And I don’t mean finally throwing away letters from your 6th grade crush or a sweater from 1998, I’m talking major-league decluttering.
I mean the kind of decluttering where you pick something up, look at it and say, “I haven’t used you or looked at you in 6 weeks, so I’m throwing you away.”
Our cluttered closets, our brimming drawers, our messy attics—they’re not just physical things taking up unnecessary space—they inhibit us, they anchor us, they drag us down.
And they drag us down because we become slaves to our stuff, organizing it, storing it, cleaning it, and carrying it around from the time of its acquisition to old age.
What would it be like if we made space in our lives?
Before the dawn of electronics, I had a healthy book collection. I had shelves full of books: books from childhood, books on spirituality and art and writing and award-winning novels. I was proud of my collection. I thought it defined me in some way; it told the world something about who I was.
But I was a mover, someone who never stayed in the same house for more than five years, and everywhere I went I lugged my books around with me— giant cartons of heavy books.
When I finally found the house I planned to die in one day, I went through some sort of inner transformation. The thought of lugging my old life with me to my new and coveted space was suddenly less appealing. The new me wanted a more “Zen” house, with airy rooms, simple furnishings, and a more simplistic appeal.
So I got rid of my books. Not all of them, but the books that didn’t serve me anymore, the random works that no longer inspired me. I sold a few and donated the rest to a worthy cause, and I felt like I had shed 1,000 pounds.
The truth is, we put an unhealthy emotional value on our “things,” be it books or clothes or mementos or a basement full of junk. We mistakenly believe that the physical items we possess hold our memories, when in reality, the intrinsic value of those possessions are what really matters.
If you are aiming for “Zen” when you’re looking to declutter, learning a healthy form of detachment will serve you best -Zen is a practice that is meant to calm your mind and bring you clarity. And part of its philosophy involves the art of letting go. So when decluttering, recognize that the physical things in your life don’t hold memories. You can rid yourself of those possessions and still take the memories with you.
My best friend’s mother had an unhealthy attachment to things. She was, in the biggest sense of the word, a hoarder. She didn’t have just one black wallet—she had fifty. She still had the papers she graded thirty years ago when she taught school, spices and canned goods from decades ago, and a garage full of things that were too old or broken to use.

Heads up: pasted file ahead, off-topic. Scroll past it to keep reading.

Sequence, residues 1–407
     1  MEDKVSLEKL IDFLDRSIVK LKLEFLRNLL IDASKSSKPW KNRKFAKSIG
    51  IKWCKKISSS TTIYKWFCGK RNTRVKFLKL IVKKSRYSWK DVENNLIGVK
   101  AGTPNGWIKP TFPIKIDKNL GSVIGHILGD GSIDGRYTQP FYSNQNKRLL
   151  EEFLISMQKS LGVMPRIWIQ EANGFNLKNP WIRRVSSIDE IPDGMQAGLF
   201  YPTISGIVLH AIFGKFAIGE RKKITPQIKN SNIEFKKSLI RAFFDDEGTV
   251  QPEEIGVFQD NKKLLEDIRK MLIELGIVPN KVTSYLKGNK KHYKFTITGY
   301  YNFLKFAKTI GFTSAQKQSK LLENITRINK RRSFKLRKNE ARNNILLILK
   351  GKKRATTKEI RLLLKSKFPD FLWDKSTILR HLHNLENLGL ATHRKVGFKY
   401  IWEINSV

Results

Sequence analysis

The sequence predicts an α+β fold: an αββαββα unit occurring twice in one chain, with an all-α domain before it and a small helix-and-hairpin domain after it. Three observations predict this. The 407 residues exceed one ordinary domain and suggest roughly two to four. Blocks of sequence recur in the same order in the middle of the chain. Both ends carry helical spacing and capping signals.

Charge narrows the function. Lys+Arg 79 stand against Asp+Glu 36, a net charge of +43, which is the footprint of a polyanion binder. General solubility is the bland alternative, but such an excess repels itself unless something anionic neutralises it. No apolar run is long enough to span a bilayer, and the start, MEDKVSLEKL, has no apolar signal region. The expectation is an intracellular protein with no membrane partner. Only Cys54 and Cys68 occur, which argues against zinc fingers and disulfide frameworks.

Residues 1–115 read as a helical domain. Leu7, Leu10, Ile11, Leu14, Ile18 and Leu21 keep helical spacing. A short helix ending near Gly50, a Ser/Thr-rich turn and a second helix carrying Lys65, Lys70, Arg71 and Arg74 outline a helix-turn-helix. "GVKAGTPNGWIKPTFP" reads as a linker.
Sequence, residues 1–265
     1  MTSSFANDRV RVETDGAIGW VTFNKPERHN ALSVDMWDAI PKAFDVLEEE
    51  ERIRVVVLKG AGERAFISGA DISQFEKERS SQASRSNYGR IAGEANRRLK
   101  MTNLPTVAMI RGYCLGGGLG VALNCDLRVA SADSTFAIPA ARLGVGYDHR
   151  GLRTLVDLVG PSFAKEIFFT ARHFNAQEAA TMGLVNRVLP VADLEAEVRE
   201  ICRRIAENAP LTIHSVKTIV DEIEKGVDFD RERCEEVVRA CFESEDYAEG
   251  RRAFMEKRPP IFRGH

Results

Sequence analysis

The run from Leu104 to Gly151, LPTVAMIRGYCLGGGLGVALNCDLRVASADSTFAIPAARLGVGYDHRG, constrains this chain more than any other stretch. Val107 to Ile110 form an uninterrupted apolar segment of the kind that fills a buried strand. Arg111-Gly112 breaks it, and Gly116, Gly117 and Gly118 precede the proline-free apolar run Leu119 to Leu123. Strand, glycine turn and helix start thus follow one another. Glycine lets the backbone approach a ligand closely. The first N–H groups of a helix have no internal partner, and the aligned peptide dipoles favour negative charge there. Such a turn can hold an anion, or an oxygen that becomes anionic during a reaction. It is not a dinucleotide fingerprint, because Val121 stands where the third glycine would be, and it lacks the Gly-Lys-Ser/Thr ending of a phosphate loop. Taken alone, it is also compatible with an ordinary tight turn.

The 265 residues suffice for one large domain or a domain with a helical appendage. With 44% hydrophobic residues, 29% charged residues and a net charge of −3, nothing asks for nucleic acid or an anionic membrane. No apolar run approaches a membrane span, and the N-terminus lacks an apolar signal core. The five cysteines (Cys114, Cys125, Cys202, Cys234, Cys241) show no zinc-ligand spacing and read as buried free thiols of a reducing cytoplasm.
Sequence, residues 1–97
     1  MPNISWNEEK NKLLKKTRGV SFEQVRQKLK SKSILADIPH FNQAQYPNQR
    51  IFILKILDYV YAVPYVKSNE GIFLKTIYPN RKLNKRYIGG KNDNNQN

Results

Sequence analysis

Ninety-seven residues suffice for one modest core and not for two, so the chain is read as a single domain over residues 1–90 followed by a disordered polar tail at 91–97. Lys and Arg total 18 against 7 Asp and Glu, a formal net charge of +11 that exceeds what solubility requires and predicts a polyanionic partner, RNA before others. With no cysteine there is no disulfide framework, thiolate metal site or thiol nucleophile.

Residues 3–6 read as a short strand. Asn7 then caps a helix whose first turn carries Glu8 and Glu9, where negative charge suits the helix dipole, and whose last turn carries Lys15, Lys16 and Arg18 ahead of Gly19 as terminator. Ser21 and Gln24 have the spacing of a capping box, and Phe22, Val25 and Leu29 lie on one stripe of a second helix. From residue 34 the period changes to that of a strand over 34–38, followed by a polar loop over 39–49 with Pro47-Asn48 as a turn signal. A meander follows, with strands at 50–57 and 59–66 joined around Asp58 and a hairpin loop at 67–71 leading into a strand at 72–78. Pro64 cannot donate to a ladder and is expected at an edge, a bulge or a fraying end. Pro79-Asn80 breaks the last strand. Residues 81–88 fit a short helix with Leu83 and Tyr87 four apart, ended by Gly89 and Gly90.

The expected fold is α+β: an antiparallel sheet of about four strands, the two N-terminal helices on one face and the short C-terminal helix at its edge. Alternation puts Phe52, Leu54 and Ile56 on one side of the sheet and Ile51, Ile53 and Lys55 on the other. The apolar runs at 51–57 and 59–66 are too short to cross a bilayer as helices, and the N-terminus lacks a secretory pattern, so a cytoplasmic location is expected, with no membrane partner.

She knew this unhealthy attachment didn’t serve her, but she didn’t seek help. When it got to the point where she couldn’t even throw away last week’s newspaper, even then she didn’t muster the courage to change her behavior.
When she died, my friend and her sister spent a week throwing away a lifetime of things into an oversized dumpster that they’d rented, dealing with the endless minutiae of their mother’s life for days.
And they realized then that their mother’s obsession with materialism had prevented her from living a more engaging and fulfilling life. She’d always been in pursuit of another trinket, or she spent endless days trying to organize the clutter in her life—caring for the trinkets she already had.
That clutter was a metaphor for procrastination. It was also a sign that their mother’s unhealthy attachment to physical things was a way for her to avoid the emptiness she felt inside.
While this example is extreme, it serves to show us how our emotional health plays a role in the way we deal with the minutiae in our own lives.
Is it true that less stuff equals more happiness?
Decluttering is certainly a trend right now, with best-selling books like the “The Life-Changing Magic of Tidying Up” by Marie Kondo and “Live More, Want Less,” by Mary Carlomagno, toting the merits of a more minimalistic life. Experts like Kondo say people have more stuff now than ever before in history and it’s getting harder for us to navigate our way through our lives.
Let’s call it the “clutter crisis” caused by our addiction, in part, to deeply discounted consumer goods.
People who purge themselves of countless possessions say they feel a greater sense of peace, and that they now use their homes to display only the things that bring them a sense of joy.
Want some decluttering tips? Start with these:
Once a week, pick a category—like books, clothes, or decorative items. Ask yourself if each item you choose is something useful, or if you’ve looked at it, worn it or used it in the past year. If the answer is no, toss it.
Japanese clearing expert Marie Kondo recommends you ask yourself, “Does this item spark joy inside of me?” If the answer is no, toss it.
Margot Russell is a book author, a script writer and a newspaper columnist. She lives in Western New York by lake Chautauqua.